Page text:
Try this easy Filipino Ube Hopia recipe that is a sweet, delicious, and addicting treat! It’s a thin flaky Filipino pastry that can be eaten for dessert or a snack and is perfect for any season!
What is Hopia?
Hopia is a popular Filipino bean-filled mooncake-like pastry that has Chinese origins. It was originally introduced by Fujianese immigrants in urban centers in the Philippines in the early 1900s.
In Hokkian, a dialect spoken in Southern Fujian and Taiwan, the word hopia means “good pastry”. It is also popular in Indonesia and is widely known as bakpia pathok, which is named after a suburb of Yogyakarta that specializes in pastry.
Traditionally, hopia is filled with mung bean paste (munggo), but nowadays, there are many variations when it comes to the filling, such as pineapple, cheese, chocolate, and custard. In this recipe, I used the sweet ube halaya or purple yam jam filling, which gives a unique, vivid violet color and sweet taste.
Ube hopia was first introduced in the 1980s by Gerry Chua of Eng Bee Tin, a Chinese Filipino deli chain in Manila, Philippines, which is known for its mixed Chinese and Filipino culinary traditions. It becomes a relatively inexpensive and delicious treat, gift, or souvenir for families, friends, and relatives all year round.
Learn how to make this easy dessert or snack recipe right in the comfort of your home because homemade pastries made with love are still the best!
Tips and Procedures:
- Feel free to use other fillings of your choice just as mung bean paste, pineapple, and even durian.
- To save time, you may use the ready-made Ube (Purple Yam) Jam for the filling.
- Use a frying pan if you don’t have an oven. Just cook the hopia in a pan over low heat for 10 minutes on each side or until slightly purplish-brown in color.
- Make sure to apply egg wash whether you are using a pan or an oven. The egg wash acts as an adhesive to keep the pastry from cracking.
- Storage: It can be stored at room temperature for 1-2 weeks. It can also be frozen for up to 6 months. To thaw: do not reheat or defrost. Leave at room temperature until it is ready to be eaten.
How to Make Ube Hopia:
Listed below are all the ingredients you will need:
- bread flour
- brown sugar
- cold milk
- vegetable shortening
- all-purpose flour
- vegetable shortening
Using a fork or spoon, mix the ingredients for dough #1. Knead just a couple of times until they stick and just combined. Cover the bowl with plastic wrap and set it aside:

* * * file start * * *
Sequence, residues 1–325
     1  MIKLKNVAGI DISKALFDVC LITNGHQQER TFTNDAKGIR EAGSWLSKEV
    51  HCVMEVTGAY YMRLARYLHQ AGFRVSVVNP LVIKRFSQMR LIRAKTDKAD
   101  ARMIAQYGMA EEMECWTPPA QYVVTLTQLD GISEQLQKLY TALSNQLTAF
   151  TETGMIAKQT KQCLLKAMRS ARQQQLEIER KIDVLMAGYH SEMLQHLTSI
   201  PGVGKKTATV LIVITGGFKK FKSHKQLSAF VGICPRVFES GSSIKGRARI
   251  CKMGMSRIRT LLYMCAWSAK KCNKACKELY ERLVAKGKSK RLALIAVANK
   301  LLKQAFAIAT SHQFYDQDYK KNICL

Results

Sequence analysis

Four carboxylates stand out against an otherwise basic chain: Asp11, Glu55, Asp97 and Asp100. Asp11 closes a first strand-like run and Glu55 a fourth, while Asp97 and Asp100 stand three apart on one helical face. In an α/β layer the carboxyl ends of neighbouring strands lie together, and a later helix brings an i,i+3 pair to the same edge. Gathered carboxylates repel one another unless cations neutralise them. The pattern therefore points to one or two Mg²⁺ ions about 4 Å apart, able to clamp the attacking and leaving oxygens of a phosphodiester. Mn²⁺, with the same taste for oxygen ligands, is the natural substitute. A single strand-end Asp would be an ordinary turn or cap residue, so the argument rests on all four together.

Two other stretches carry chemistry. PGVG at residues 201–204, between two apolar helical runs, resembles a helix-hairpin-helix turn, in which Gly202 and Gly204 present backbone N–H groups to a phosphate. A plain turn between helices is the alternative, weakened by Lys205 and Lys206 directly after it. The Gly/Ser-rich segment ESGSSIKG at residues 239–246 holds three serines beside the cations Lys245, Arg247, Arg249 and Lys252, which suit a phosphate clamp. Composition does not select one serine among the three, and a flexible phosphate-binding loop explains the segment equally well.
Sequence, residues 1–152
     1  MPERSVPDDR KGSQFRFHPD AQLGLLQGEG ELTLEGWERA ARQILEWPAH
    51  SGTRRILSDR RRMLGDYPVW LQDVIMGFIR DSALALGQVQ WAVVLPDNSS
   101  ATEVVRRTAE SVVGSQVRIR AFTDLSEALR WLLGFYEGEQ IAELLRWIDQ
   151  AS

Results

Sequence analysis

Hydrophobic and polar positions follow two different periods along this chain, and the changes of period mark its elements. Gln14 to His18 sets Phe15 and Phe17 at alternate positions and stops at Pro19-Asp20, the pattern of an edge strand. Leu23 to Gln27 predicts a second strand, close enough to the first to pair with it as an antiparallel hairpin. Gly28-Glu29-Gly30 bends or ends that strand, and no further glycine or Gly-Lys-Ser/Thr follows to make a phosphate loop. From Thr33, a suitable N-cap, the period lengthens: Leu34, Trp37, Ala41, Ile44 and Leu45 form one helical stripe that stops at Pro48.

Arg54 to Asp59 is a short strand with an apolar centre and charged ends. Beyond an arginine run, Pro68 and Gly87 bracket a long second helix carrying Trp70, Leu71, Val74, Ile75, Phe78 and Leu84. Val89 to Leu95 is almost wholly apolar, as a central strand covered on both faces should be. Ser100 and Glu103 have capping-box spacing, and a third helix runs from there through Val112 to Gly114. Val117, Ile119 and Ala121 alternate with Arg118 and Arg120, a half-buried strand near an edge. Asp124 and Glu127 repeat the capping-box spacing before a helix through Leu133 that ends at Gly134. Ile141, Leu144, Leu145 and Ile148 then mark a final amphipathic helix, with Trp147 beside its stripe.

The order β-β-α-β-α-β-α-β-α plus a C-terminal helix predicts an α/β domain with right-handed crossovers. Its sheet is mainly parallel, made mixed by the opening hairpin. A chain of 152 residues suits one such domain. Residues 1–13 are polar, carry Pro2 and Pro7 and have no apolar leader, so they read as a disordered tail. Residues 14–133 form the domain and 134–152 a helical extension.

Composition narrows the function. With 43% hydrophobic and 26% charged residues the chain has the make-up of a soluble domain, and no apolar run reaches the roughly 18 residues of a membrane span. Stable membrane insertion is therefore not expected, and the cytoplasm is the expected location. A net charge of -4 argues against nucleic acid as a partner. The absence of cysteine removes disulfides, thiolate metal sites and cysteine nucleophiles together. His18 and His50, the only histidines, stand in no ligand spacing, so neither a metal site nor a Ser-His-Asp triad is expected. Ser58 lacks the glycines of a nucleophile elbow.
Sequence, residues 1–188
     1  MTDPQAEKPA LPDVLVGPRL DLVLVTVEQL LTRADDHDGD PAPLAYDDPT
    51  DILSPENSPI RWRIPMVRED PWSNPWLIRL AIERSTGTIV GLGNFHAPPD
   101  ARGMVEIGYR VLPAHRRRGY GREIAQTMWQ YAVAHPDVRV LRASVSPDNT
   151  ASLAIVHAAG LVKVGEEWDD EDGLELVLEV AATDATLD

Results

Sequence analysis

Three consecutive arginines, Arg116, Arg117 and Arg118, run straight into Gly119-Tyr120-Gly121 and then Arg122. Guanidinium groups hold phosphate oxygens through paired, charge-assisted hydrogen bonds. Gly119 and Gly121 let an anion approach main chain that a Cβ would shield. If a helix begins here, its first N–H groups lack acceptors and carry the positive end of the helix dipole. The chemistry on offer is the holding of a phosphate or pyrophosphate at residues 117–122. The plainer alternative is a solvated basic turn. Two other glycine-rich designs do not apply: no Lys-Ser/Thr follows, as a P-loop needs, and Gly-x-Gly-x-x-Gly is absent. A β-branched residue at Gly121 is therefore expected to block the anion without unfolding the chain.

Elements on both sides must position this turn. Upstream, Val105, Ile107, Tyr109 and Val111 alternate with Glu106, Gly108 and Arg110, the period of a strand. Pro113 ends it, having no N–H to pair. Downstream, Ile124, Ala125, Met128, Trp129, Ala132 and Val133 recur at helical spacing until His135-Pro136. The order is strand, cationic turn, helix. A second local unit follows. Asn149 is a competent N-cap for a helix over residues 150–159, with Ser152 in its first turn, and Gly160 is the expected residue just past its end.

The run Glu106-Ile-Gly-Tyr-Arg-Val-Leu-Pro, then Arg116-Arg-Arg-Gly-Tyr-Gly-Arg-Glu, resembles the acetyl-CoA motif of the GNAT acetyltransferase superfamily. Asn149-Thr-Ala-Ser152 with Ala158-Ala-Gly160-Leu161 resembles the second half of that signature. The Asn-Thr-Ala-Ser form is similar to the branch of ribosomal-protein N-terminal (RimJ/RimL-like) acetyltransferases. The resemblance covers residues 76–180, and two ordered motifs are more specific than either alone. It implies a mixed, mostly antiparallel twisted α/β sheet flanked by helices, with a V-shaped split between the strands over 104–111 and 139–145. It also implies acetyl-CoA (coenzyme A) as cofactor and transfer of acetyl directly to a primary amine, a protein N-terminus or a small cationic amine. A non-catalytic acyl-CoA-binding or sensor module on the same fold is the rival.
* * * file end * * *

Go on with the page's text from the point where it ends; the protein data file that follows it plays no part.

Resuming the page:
In another bowl, combine the ingredients for dough #2. Mix well until smooth dough forms. Dust the working surface with a little bit of flour:
Roll dough #1 into a rectangular shape with a half-inch thickness. Place dough #2 on the center top of dough # 1, covering two-thirds of dough #1:
Fold the third uncovered part like folding a letter. Roll the dough to form a log. Let the dough rest for 5 minutes:
Cut each dough into 12 equal pieces. Take a piece of a portioned dough and flatten it with a rolling pin:
Scoop out a teaspoonful of the ube halaya filling and place it in the middle of the flattened dough. Gather the sides and pinch them together to seal:
Use a cookie cutter to shape and form it in equal pieces. Place the hopia dough in a baking pan. Repeat the process with the remaining dough and filling:
Bake the hopia in a preheated oven at 350 degrees Fahrenheit for 15 minutes. Take out the baked hopia and brush with egg wash. Return to the oven and bake for another 10 minutes. Remove from the oven and let them cool at room temperature:
You may serve this with your favorite milk drink or tea. Enjoy!
Frequently Asked Questions:
You can make your own with its super easy steps or buy a ready-made ube jam in an Asian store. It is also available in online shops, just try to check whichever is accessible in your area.
It can be eaten either way. If you prefer to eat it warm, you may reheat the hopia in a griddle, microwave pan, or toaster in a few minutes.
Yes, it is somehow similar to mooncake. Hopia is an inexpensive version of moon cake which is a delicacy usually served during the Chinese Mid-Autumn Festival.
- 2 oz ube halaya
- 1 cup bread flour
- 1 tablespoon brown sugar
- ¼ cup cold milk
- ¼ cup vegetable shortening
- ¼ teaspoon salt
- ½ cup all purpose flour
- ¼ cup vegetable shortening
- 1 large egg for egg wash
- In large bowl, add bread flour, brown sugar, milk, vegetable shortening, salt and mix.
- Knead just a couple of times until they stick and just combined and cover the bowl with plastic wrap and set aside.
- In a medium bowl, add all purpose flour, vegetable shortening and mix until smooth dough forms.
- Roll dough #1 into a rectangular shape with a half-inch thickness.
- Place dough #2 on the center top of dough # 1, covering two-thirds of dough #1.
- Fold the third uncovered part like folding a letter and roll the dough to form a log
- Allow the dough to rest for 5 minutes then cut dough into 12 equal pieces
- Take a piece of a portioned dough and flatten it with a rolling pin
- Scoop out a teaspoonful of the ube halaya filling and place it in the middle of the flattened dough and gather the sides and pinch together to seal.
- Use a cookie cutter to shame and form into equal pieces then place the hopia dough in a baking pan.
- Repeat the process with the remaining dough and filling
- Bake the hopia in a preheated oven at 350 degress F for 15 minutes
- Take out the baked hopia and bursh with egg wash, then return to th oven and bake for another 10 minutes.
- Remove from the oven and allow it to cool at room temperature.